Our trip to Cuba ended much as it began. We were overwhelmed by the beauty and the poverty of this tiny island nation. But now, after months of preparations, days filled with visual images we will never forget, and photographs that will end up in posts far into the future, it was finally time for us to pack our bags for the journey home.
As we were preparing our bags Saturday night for an early morning departure, I watched the hustle and bustle of Havana. Neither the city’s great beauty, nor its decay, were visible in this nighttime shot. Left to admire is just the vibrancy of the city.
It was a memorable experience. While our visit only touched the edges of this wonderful country, I feel fortunate to have had the opportunity to experience its rich culture, wonderful people and incredible beauty.
If you haven’t experienced Cuba, put it on your bucket list!
It is a gorgeous day. The temperature is well within the range of comfort. Terry, Casey and I are ready to start our Sunday morning drive. Casey is anxious. He unfailingly knows that it is Sunday and rushes us as much as he can, barking and running around at our feet.
For such a beautiful day, I thought I would share with you an image of a rose in full, incredible bloom.
In their 1971 album, Sticky Fingers, Mick Jagger and the Rolling Stones encouraged their audience to “Send me dead flowers”. Other artists also have written about dead flowers. There are even bands named Dead Flowers–Joe Getty & The Dead Flowers, David Yellen Band & The Dead Flowers and a fun rock band simply named “Dead Flowers”.
They obviously weren’t talking about this particular flower. But they could have been!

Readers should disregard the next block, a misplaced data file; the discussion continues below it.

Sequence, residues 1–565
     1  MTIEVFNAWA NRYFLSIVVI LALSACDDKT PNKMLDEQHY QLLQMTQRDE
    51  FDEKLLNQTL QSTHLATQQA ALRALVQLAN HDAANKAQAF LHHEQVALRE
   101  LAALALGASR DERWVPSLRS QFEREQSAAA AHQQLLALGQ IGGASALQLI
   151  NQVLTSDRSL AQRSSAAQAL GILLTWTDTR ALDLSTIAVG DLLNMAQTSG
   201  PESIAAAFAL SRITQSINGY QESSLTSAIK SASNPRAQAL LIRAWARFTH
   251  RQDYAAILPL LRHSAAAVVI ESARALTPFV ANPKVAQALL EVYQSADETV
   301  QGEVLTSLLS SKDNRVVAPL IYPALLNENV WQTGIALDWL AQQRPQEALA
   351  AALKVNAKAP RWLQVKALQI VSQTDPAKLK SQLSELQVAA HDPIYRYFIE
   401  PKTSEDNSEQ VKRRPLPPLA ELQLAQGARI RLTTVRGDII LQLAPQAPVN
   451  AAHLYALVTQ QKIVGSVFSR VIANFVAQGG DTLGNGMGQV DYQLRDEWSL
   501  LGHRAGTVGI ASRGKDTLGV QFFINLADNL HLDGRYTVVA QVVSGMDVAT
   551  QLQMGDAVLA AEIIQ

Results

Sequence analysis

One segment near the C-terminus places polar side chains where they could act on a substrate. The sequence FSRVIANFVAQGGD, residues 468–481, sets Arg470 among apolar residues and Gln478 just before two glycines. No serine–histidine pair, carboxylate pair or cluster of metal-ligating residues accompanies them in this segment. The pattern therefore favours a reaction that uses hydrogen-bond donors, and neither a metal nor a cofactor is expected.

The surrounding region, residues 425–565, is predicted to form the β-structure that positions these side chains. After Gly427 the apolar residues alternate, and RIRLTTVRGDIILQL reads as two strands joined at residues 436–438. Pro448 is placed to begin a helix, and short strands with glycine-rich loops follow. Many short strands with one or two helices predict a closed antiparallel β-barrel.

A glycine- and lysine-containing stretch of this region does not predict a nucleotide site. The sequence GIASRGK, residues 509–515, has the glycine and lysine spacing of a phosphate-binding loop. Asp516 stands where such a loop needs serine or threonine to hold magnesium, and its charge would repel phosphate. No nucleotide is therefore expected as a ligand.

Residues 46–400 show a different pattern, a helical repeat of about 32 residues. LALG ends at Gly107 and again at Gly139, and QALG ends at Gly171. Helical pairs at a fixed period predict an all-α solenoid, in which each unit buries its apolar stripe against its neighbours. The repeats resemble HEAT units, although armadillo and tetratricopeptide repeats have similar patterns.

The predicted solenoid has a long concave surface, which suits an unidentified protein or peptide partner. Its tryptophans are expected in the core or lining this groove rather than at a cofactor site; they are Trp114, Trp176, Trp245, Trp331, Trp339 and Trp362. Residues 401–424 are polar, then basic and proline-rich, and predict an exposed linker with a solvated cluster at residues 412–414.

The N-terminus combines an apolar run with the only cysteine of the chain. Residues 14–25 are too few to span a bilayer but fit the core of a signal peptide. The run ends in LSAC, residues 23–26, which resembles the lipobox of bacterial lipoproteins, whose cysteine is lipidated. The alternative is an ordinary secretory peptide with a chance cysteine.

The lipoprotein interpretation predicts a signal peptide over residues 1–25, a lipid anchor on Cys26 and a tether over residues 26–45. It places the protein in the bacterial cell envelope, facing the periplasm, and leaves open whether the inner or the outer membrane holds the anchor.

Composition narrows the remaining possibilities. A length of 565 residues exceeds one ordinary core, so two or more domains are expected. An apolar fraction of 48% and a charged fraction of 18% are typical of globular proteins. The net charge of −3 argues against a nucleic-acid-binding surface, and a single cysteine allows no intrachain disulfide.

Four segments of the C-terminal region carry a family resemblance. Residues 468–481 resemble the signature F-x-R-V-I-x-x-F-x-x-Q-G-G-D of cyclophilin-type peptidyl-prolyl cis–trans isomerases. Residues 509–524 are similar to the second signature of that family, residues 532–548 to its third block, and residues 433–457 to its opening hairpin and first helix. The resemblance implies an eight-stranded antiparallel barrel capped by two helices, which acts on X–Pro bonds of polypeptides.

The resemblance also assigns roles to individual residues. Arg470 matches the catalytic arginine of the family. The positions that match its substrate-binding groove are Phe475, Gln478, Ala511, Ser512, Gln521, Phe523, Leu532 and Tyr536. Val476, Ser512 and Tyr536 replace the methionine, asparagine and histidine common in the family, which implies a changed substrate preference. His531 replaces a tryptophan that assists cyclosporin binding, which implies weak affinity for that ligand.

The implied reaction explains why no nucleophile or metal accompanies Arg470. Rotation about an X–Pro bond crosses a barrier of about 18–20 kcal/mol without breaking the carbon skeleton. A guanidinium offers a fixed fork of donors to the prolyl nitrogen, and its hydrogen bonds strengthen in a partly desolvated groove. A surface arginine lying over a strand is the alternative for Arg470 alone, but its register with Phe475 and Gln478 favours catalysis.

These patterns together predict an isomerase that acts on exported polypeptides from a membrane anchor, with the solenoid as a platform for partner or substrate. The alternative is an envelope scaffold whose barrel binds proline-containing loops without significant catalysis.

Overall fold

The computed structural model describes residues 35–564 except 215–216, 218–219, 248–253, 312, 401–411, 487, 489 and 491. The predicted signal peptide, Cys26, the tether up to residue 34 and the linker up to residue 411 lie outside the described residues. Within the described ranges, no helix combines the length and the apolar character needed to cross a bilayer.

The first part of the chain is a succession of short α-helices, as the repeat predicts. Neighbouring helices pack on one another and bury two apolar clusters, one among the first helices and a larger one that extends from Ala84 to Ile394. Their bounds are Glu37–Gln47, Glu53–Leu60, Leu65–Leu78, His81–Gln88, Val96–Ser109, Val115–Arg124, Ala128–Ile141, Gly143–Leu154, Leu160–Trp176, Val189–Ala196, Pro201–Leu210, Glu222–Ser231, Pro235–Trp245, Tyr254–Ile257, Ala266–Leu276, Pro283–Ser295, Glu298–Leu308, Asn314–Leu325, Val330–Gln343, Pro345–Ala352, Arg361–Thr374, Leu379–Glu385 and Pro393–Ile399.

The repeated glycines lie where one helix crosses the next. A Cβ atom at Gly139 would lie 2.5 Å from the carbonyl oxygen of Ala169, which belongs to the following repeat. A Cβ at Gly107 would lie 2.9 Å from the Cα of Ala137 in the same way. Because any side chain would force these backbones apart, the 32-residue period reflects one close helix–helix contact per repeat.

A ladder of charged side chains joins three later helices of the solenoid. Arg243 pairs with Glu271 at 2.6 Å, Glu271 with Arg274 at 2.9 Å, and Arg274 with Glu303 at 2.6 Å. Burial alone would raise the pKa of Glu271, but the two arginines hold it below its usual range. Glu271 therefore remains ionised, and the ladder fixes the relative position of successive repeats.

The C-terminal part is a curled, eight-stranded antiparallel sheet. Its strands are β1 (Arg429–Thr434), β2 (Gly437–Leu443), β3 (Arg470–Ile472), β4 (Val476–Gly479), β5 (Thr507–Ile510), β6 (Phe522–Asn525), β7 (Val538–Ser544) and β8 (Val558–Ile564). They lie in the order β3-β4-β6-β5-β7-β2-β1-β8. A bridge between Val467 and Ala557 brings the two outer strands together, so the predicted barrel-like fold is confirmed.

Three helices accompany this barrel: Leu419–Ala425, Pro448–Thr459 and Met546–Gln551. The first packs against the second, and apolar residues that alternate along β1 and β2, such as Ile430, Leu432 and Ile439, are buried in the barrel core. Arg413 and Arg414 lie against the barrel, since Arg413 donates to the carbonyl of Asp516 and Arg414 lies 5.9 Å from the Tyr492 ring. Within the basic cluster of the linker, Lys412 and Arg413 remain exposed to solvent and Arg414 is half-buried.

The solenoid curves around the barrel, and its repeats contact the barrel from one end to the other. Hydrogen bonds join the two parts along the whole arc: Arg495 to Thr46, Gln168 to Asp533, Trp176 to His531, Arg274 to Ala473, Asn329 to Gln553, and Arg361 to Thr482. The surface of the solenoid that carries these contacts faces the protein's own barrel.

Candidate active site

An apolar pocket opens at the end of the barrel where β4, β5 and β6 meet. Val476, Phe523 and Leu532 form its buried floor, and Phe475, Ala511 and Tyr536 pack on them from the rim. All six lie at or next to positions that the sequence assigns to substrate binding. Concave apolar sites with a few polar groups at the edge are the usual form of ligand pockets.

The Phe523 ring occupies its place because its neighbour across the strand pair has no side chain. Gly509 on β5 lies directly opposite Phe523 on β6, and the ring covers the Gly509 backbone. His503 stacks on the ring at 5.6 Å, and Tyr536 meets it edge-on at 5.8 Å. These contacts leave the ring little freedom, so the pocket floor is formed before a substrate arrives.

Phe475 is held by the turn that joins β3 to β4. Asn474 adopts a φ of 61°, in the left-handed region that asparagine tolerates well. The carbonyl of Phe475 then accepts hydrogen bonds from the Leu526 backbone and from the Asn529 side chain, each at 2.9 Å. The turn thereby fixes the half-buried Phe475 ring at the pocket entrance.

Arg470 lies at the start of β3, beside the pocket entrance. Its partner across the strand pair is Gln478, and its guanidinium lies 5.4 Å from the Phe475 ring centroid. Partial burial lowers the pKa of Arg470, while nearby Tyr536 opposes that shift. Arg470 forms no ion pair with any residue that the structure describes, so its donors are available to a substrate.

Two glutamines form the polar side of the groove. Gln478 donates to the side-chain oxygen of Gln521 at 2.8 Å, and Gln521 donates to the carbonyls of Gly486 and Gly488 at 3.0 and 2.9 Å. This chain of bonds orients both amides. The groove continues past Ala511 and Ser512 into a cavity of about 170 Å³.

So dead head your flowers if its time, but don’t forget to stop and appreciate the beauty of a dead flower.
As I was driving through East Kansas City I came upon this beautiful, but broken, church. While the glass is gone from the window, even empty it is elegant and powerful. The gothic architecture is in some ways reminiscent of the finest cathedrals in Europe. The church spire still points to the sky.
I do not know what caused its destruction, whether it was simply a result of neglect, vandalism or fire. Even in ruins it symbolizes for me hope, loss and the potential for renewal. For a moment in time, it suggests a portal between the heavens and earth. But I know in my heart that this lovely building is lost forever.
The Country Club Plaza is always beautiful. The seasons of the year and the time of day significantly impact the images that we see. These photographs were taken late in the evening, just after the sun set, but before it was completely dark. (These scenes are best viewed with your brightness setting on high.)
From the Fountain of Bacchus Sculpture, located at the Chandler Court at 47th & Wyandotte, is made of 10,000 pounds of cast lead.
The architecture throughout the Plaza is inspired by the architecture of Seville, Spain.
Night view of Broadway Bridge and Brush Creek, on the Country Club Plaza
The Statute of Ruth, representing the Biblical Ruth, is located at 48th & Wyandotte. It is formed from white Carrara marble.